However, the results of these alternative treatments are very much dependent on the amount of tumour infiltration (i.e. tumour thickness). Although depth of infiltration is predictive for the chance of local recurrence as well [6], it is not routinely used as an indication for postoperative radiotherapy in most clinics. A recent study showed that tumour thickness is also predictive for the risk of contralateral cervical metastasis in tongue carcinoma [9].

To measure tumour thickness, different techniques are available. Several studies have compared intra-oral ultrasound (US) with magnetic resonance imaging (MRI) or computed tomography (CT) [10, 11]. In 1989, Iro and Nitsche [12] showed that using a miniaturised transducer enables the depiction of tumours of the anterior tongue and the floor of the mouth without artefacts. They found this method to be superior to conventional US for this region.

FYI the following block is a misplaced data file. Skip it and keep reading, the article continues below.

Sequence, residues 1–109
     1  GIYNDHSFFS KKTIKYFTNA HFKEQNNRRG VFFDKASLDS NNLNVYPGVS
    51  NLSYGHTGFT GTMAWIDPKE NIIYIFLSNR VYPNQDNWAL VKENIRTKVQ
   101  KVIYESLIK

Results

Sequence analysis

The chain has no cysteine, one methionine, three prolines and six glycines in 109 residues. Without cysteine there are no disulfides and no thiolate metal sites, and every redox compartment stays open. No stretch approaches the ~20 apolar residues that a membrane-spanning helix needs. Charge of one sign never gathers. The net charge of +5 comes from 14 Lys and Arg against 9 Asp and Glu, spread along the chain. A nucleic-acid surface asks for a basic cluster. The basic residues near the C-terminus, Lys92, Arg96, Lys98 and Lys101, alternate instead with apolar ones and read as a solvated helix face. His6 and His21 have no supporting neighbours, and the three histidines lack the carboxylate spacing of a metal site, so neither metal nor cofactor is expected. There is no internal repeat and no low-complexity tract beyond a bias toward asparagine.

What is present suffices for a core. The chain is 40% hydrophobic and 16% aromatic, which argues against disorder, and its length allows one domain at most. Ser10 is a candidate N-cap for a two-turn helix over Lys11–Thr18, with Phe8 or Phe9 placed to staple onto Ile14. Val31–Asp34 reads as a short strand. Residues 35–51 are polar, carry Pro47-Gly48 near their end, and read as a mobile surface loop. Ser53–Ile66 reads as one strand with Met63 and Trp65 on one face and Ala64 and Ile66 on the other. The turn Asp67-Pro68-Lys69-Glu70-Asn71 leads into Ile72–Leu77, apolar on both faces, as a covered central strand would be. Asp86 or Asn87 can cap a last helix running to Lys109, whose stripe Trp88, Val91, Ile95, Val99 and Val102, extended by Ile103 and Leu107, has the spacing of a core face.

Since June 2007 we have been using a new intra-operative transducer (Philips IU-22 L 15-7; 7–15 MHz). In this study, we present our results with respect to the feasibility of US measurement of intra-oral tumour thickness, correlation with the presence of lymph node metastases as well as correlation with MRI, with histopathology as the “gold standard”.

Patients and methods

Ethical considerations

This was a retrospective study with anonymous evaluation of data; therefore, written informed consent was not required.

Selection criteria

All patients with stage T1–T2 oral cancer planned for transoral excision or photodynamic therapy (PDT) in our department were included (n = 65). All patients were seen between 2004 and 2010.

Participants

Ages ranged from 42 to 89 years (mean 65 years) and the sex ratio was 34 men to 31 women. The cancers were localised in the tongue (n = 38), the floor of the mouth (n = 22) and elsewhere in the mouth (n = 5).